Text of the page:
A finely detailed carved wood figurehead, diminutive with classic features, the origin of this womanly ship icon is American. Telltale clues include that her regency-style, just-above-the-shoulder dress sleeves that “poof” and the modest neckline, especially when matched to the upswept, comb-held, coiled hairstyle and carved oval earrings. All these fashion elements are suggestive of American fashion, circa 1820s. The leading figurehead historian England and a distinguished maritime museum curator in America both concur.

Properly attired, she looks quite reserved. Set on a carved plinth with a geometric pattern and rolling scroll, it blends into a sash-ribbon tied around her torso. The detail of the hair tightly bound in an upswept coiled bun. Prim and poised, the woman figure is fairly vertical in position, indicating an installation on a smaller vessel, possibly the bow of a schooner or small brig from the first quarter of the 19th Century. It has the correct wood plugs to have been properly mounted. The simple white paint with the sea-foam green dress is most likely very close to her original color and just freshened up a bit over time.

It is recorded that the piece was salvaged from a sailing vessel that broke up in Stomness on Orkney in the 19th Century, and entered a British collection and passed through the family for three generations before being sold. It is a classic American ship’s figurehead of a quality, type and size seldom found.

A full report on this antique, carved figurehead by leading figurehead historian Richard Hunter of England is available.

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Brass Telescope on Mahogany Stand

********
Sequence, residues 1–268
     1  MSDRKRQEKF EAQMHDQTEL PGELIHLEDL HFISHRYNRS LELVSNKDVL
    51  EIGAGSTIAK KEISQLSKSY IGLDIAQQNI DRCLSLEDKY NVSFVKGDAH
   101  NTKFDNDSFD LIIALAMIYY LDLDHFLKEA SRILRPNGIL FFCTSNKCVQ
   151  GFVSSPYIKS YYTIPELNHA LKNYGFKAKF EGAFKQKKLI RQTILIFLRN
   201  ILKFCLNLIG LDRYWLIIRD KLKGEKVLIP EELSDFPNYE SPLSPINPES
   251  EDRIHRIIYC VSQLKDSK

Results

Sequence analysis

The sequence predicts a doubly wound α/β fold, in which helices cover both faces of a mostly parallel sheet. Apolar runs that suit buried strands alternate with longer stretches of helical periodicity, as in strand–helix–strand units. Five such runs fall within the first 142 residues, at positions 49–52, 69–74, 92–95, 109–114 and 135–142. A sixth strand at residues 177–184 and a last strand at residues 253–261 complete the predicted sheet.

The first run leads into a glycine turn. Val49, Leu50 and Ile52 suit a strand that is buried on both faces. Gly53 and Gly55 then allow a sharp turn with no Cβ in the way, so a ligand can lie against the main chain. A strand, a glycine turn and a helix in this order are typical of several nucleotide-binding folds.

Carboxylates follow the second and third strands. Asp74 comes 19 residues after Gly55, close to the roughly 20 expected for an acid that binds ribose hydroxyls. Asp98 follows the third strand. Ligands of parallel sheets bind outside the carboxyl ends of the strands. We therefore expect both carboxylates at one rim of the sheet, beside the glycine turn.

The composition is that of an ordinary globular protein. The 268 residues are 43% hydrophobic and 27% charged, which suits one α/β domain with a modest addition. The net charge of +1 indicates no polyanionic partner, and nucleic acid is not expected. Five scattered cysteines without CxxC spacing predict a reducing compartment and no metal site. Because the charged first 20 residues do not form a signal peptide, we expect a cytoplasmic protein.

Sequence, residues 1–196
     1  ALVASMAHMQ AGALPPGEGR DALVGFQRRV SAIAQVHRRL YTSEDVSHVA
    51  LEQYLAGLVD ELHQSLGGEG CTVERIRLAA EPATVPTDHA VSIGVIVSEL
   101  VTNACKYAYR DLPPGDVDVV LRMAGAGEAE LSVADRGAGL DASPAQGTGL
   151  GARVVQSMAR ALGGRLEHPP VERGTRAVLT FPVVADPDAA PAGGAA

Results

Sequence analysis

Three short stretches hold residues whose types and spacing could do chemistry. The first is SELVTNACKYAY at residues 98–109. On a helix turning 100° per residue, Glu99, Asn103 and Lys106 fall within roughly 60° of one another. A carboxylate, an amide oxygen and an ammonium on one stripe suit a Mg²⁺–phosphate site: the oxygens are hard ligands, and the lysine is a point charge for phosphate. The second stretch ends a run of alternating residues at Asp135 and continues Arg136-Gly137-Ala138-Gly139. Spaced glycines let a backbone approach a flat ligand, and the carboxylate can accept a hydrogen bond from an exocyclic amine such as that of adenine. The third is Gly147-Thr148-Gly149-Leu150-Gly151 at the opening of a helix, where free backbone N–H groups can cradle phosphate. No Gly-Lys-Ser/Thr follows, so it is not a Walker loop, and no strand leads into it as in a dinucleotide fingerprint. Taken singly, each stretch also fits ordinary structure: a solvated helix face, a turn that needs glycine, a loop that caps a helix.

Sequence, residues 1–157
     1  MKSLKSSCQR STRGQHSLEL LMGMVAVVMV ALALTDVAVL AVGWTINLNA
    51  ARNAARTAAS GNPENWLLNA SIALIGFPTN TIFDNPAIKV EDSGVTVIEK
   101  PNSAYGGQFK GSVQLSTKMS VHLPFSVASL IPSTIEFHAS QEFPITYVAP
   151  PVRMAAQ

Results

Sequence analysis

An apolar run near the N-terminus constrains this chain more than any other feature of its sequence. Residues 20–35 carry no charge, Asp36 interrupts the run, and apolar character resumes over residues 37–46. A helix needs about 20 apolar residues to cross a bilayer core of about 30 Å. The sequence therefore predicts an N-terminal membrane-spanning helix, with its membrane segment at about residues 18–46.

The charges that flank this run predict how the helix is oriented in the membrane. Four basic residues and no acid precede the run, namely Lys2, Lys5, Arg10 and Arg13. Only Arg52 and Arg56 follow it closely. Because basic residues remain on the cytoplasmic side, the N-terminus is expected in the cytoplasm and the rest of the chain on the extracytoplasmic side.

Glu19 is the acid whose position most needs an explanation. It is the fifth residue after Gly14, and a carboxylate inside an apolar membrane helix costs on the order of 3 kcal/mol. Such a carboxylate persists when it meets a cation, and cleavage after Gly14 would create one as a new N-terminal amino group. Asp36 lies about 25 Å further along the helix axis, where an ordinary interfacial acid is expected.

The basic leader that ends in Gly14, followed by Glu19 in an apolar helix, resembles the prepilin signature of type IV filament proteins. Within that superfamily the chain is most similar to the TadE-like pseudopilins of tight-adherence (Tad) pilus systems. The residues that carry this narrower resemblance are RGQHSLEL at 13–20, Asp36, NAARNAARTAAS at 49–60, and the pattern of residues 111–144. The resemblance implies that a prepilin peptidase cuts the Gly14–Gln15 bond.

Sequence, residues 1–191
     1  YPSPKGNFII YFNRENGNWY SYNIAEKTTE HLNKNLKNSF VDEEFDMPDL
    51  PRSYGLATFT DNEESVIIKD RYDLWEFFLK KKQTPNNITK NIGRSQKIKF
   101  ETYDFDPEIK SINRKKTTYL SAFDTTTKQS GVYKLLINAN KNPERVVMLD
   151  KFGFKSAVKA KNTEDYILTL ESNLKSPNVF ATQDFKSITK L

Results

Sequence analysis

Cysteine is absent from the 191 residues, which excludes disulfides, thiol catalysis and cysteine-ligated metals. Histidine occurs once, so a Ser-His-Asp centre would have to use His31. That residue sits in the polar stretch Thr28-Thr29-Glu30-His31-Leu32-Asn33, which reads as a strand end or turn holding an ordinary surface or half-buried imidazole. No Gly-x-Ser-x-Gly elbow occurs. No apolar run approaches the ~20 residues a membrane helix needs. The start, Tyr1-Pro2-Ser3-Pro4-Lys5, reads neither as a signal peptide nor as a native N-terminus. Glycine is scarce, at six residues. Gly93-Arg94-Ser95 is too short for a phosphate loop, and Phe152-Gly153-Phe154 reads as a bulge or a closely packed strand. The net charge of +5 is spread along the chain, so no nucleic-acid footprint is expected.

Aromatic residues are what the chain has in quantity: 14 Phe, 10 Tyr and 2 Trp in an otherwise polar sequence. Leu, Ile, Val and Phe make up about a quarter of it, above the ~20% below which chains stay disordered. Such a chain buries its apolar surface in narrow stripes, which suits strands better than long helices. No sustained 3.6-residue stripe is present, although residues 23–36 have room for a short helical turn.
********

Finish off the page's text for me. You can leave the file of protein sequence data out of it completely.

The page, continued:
Made by A. Bardou, Paris

For over 75 years and across several generations, the Bardou family were leading manufacturers of small telescopes for education and recreation.

This example is in excellent working condition with original box and all lenses including those for terrestrial and celestial observation. The large mahogany tripod base has its original finish and working gear system to easily raise and lower the height of the scope. Large telescopes, in this condition and with a tripod of this quality and substantial make are rare.

Established in Paris in 1818 by D.F. Bardou as Maison Bardou, the firm passed to his son P.G. Bardou in the mid 1800's becoming Bardou et Fils (Bardou & Sons). Grandson Albert Bardou took over in the late 1800's, putting his own name A. Bardou on instruments from that period forward until the firm passed out of the family in 1895.

Bardou and Sons came to the United States in 1876, displaying their instruments at the Centennial Exhibition in Philadelphia. There they caught the eye of James W. Queen & Co., foremost merchants of scientific instruments in the U.S. at the time, who soon began importing Bardou telescopes for sale in the United States.

A telescope by Albert Bardou is in the collection of the Smithsonian Museum of American History.

Lens diameter: 3 1/4 Inches, Telescope Body 48 Inches, Overall with tube extended 62 Inches.